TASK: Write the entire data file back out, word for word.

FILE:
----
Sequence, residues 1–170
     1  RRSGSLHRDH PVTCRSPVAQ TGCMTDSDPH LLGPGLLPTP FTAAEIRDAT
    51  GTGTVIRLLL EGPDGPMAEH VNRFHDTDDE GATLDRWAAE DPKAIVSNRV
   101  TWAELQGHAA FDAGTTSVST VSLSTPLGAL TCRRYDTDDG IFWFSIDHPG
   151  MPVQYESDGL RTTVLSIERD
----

Sequence, residues 1–170
     1  RRSGSLHRDH PVTCRSPVAQ TGCMTDSDPH LLGPGLLPTP FTAAEIRDAT
    51  GTGTVIRLLL EGPDGPMAEH VNRFHDTDDE GATLDRWAAE DPKAIVSNRV
   101  TWAELQGHAA FDAGTTSVST VSLSTPLGAL TCRRYDTDDG IFWFSIDHPG
   151  MPVQYESDGL RTTVLSIERD